Gift Idea: “Don’t Buy My New Album. Steal It. And Buy This Instead.”

I’ve always admired Elvis Costello’s integrity. From the very beginning, he’s never kowtowed to the demands of his various record labels.  Then, of course, there’s the famous “Radio Radio” episode from Saturday Night Live.

Elvis had been told not that song because of the fear it would upset NBC, owners of dozens and dozens of radio stations.  Initially, it appeared that Elvis acquiesced, promising to play “Less Than Zero” instead.  But that’s not what happened.

Now Elvis is exhorting fans NOT to buy one of his records.  

The Return of the Spectacular Spinning Songbook is set to come out Tuesday and from all descriptions is a beautiful package featuring a performance with the Imposters at the Wiltern Theatre in Los Angeles easlier this year.  Elvis admits that the performances are great and that the DVD shows the band in fine form.


Unfortunately, we at find ourselves unable to recommend this lovely item to you as the price appears to be either a misprint or a satire.

All our attempts to have this number revised have been fruitless but rather than detain you with tedious arguments about morality, panache and book-keeping – when there are really bigger fish to filet these days – we are taking the following unusual step. 

If you should really want to buy something special for your loved one at this time of seasonal giving, we can whole-heartedly recommend, “Ambassador Of Jazz” – a cute little imitation suitcase, covered in travel stickers and embossed with the name “Satchmo” but more importantly containing TEN re-mastered albums by one of the most beautiful and loving revolutionaries who ever lived – Louis Armstrong.

The box should be available for under one hundred and fifty American dollars and includes a number of other tricks and treats. Frankly, the music is vastly superior.

If on the other hand you should still want to hear and view the component parts of the above mentioned elaborate hoax, then those items will be available separately at a more affordable price in the New Year, assuming that you have not already obtained them by more unconventional means.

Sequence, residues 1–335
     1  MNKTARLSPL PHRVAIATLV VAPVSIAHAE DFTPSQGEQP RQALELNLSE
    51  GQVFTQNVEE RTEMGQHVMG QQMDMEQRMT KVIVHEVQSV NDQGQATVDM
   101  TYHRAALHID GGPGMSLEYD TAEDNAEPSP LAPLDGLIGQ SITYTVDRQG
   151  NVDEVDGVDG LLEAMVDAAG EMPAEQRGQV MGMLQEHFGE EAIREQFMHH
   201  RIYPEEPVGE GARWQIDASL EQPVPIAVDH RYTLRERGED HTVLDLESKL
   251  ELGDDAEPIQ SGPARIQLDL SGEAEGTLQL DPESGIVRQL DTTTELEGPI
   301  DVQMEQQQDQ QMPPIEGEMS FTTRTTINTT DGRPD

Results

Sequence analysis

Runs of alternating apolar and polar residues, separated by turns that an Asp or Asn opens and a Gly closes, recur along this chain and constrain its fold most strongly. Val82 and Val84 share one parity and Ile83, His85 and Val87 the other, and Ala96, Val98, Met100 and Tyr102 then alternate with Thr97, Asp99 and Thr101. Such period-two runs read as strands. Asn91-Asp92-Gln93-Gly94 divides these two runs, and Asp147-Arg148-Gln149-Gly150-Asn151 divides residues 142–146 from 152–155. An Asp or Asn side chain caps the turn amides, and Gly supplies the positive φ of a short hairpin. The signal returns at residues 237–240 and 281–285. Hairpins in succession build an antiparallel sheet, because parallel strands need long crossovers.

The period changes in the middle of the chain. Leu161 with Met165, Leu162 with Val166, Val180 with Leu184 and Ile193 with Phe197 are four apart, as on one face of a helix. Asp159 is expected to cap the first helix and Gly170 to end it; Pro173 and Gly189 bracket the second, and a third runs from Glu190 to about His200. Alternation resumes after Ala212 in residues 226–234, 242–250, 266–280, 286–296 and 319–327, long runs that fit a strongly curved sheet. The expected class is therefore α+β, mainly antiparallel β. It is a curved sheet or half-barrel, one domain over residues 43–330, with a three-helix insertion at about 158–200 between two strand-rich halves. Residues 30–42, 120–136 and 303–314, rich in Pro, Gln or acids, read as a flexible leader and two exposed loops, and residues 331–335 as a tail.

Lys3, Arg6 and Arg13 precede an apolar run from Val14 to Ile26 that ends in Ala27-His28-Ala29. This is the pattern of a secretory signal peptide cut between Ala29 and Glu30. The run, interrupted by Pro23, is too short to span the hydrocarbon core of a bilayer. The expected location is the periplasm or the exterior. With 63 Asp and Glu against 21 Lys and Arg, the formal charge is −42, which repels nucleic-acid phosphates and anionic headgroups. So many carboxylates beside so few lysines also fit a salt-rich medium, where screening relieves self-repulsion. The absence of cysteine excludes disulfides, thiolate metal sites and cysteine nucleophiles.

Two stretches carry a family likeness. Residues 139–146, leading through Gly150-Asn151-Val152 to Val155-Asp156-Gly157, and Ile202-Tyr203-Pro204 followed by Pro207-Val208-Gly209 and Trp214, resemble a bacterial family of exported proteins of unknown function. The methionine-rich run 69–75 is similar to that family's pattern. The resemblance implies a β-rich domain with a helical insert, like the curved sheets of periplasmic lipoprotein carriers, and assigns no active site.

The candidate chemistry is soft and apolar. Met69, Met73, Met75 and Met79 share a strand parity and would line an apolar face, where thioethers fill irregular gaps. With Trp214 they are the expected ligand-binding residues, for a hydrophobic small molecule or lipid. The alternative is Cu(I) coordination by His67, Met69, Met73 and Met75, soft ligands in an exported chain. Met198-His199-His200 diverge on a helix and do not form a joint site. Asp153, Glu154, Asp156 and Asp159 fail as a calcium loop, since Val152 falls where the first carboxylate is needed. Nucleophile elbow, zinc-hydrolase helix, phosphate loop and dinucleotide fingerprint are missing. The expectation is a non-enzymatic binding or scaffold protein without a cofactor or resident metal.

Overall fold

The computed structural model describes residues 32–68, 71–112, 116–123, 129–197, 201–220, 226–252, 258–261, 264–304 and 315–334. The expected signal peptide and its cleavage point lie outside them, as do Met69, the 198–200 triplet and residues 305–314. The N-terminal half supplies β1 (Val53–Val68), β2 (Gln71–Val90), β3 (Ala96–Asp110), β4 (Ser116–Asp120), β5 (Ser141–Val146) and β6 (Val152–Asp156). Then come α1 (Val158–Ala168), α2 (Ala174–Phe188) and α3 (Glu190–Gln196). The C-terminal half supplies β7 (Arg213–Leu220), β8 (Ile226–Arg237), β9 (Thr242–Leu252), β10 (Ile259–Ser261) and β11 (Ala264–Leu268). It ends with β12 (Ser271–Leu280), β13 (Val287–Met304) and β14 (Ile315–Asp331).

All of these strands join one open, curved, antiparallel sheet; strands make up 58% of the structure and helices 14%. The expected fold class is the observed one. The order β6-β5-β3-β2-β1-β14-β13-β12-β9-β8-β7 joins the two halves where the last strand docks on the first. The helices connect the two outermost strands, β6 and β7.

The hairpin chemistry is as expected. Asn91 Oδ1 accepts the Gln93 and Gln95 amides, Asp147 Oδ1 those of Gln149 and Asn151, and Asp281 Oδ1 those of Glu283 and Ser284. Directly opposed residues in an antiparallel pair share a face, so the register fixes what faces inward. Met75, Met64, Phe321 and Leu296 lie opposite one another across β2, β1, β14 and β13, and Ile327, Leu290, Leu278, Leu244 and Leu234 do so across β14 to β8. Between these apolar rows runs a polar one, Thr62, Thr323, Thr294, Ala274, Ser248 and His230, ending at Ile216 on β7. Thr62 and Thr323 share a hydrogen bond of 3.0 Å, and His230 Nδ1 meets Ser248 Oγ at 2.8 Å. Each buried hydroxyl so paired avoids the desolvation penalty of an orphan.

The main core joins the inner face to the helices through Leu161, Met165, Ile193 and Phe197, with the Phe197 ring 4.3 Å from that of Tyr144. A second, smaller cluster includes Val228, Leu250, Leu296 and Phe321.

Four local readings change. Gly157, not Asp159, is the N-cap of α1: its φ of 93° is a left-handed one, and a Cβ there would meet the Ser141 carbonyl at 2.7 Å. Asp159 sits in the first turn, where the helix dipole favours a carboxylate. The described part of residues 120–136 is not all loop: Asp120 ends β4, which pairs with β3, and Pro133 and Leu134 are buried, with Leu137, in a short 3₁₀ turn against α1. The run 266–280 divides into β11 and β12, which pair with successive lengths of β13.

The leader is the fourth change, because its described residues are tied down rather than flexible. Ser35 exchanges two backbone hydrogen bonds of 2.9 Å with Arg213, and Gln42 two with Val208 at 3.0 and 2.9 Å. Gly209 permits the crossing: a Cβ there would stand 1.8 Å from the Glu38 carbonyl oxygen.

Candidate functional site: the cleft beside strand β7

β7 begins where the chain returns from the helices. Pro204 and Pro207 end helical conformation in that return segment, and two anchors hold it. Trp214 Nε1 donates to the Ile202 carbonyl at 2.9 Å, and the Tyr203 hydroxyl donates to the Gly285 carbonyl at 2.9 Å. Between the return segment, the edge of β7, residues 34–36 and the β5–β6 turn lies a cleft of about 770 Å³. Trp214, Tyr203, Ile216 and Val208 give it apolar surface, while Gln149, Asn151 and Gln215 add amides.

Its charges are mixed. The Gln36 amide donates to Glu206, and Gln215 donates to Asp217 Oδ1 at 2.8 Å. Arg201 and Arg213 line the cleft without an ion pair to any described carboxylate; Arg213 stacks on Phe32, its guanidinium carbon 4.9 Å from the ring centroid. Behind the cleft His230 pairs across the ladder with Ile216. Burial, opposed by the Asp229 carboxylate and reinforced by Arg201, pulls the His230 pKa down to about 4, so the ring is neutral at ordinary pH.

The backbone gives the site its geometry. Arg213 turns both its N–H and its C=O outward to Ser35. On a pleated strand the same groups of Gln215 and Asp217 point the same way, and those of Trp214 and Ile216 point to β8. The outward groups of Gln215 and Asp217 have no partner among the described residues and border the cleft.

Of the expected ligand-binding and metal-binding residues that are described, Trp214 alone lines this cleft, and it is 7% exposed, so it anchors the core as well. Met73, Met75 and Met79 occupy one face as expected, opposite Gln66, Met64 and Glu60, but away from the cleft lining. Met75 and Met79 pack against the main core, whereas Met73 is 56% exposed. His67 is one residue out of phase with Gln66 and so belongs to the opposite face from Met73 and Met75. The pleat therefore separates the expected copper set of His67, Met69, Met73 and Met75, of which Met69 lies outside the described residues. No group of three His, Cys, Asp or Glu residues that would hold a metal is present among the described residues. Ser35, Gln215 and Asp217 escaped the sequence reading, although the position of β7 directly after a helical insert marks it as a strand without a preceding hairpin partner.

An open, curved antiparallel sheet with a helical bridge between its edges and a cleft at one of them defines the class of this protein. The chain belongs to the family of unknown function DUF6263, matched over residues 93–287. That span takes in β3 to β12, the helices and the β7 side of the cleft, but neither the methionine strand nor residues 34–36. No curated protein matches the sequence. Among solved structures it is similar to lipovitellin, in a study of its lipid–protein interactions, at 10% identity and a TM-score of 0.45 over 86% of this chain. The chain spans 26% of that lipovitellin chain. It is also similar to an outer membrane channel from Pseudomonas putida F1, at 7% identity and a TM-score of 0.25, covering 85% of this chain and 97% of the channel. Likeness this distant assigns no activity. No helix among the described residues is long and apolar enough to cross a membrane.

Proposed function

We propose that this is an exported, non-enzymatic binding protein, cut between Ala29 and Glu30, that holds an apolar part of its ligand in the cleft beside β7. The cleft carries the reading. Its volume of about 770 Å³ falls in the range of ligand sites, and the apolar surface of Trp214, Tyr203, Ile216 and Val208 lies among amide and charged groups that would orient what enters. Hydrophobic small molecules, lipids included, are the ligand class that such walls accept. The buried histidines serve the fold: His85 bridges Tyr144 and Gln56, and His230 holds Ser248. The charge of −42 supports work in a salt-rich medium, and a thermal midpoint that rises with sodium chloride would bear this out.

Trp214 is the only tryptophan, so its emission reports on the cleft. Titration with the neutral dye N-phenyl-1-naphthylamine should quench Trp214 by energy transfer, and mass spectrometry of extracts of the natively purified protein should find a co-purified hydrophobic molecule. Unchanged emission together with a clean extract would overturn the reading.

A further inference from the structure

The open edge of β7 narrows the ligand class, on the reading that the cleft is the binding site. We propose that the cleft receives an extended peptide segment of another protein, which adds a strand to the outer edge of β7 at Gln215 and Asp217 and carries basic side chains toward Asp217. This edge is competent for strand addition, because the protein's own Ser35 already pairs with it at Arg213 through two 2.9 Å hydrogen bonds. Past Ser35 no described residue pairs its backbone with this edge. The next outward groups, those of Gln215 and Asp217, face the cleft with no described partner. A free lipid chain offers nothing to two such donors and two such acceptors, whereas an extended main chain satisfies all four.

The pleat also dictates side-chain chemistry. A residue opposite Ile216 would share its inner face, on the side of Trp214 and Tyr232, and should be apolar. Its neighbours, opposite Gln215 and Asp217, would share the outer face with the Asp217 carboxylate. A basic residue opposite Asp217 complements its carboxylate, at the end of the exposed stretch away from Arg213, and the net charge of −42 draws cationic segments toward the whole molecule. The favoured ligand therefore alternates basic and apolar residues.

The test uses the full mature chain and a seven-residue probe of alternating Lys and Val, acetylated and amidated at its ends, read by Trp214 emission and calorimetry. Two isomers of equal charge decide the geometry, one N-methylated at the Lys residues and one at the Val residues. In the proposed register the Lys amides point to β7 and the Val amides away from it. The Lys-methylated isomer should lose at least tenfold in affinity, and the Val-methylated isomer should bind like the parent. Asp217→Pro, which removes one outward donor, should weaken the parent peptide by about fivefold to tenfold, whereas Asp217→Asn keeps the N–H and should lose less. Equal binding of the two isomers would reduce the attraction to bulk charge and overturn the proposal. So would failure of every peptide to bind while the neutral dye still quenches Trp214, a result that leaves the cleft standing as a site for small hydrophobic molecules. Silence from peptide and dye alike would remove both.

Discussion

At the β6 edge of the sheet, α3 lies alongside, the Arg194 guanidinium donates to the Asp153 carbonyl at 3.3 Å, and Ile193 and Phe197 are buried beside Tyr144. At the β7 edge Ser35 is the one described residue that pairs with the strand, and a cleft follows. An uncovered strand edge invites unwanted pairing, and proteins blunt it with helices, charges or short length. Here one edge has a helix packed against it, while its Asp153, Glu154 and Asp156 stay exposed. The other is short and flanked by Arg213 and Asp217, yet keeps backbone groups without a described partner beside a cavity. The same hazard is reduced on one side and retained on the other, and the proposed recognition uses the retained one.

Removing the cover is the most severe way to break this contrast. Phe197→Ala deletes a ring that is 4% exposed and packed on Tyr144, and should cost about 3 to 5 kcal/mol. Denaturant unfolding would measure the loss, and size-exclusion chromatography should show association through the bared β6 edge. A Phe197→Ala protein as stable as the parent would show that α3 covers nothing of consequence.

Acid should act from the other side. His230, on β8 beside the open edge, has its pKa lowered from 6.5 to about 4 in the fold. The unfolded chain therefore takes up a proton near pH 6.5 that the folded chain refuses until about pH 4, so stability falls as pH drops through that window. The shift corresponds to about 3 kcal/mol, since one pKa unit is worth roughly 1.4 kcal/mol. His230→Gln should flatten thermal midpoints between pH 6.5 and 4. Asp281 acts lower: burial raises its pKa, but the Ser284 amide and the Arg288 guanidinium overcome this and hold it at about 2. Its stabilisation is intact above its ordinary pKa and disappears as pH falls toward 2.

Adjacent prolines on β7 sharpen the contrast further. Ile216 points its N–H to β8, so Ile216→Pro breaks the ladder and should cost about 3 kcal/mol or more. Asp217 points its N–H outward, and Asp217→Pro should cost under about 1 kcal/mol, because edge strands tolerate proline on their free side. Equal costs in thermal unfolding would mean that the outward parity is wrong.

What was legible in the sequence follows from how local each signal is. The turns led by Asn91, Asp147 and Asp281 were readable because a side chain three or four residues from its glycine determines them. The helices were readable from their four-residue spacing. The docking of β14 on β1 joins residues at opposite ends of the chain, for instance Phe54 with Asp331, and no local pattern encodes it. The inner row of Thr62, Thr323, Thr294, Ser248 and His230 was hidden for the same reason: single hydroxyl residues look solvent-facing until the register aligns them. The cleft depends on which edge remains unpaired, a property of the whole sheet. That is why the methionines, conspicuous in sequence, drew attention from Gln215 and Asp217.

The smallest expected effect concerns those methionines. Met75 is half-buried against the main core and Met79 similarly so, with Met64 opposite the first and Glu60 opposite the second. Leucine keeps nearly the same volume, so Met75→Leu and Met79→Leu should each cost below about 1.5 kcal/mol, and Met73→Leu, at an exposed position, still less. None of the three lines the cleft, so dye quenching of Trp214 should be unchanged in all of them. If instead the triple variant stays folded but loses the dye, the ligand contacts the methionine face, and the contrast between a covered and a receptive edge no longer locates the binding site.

Alan Cross

is an internationally known broadcaster, interviewer, writer, consultant, blogger and speaker. In his 40+ years in the music business, Alan has interviewed the biggest names in rock, from David Bowie and U2 to Pearl Jam and the Foo Fighters. He’s also known as a musicologist and documentarian through programs like The Ongoing History of New Music.

4 thoughts on “Gift Idea: “Don’t Buy My New Album. Steal It. And Buy This Instead.”

  • November 29, 2011 at 2:25 pm

    Ouch, yeah, I just saw what Amazon is asking for it ($200 and change), which is absurd for the amount of content. Good on ya, Mr. Costello, you are a class act.

  • November 29, 2011 at 2:39 pm

    That's not actually what it says on his website. The <A HREF="">final paragraph</A> reads:

    If you should still want the component items in the above mentioned elaborate hoax, they will be available separately at a more affordable price in the New Year, unless you are one of those pirates who imagines they are evangelists or that other people’s rights absolve their own thievery, in which case this is between you and your dim conscience.

    So he still wants your money, just not so much that it hurts his street cred.

  • November 29, 2011 at 5:46 pm

    To Paul Drye: It is actually what it says on his website. You just quoted a more recent post than Alan did. Try this one: Alan's Reference

  • November 29, 2011 at 11:42 pm

    Uh, Alan… How come when I click the link "but that's not what happened" on my iPhone I get taken to a Dutch porn site?


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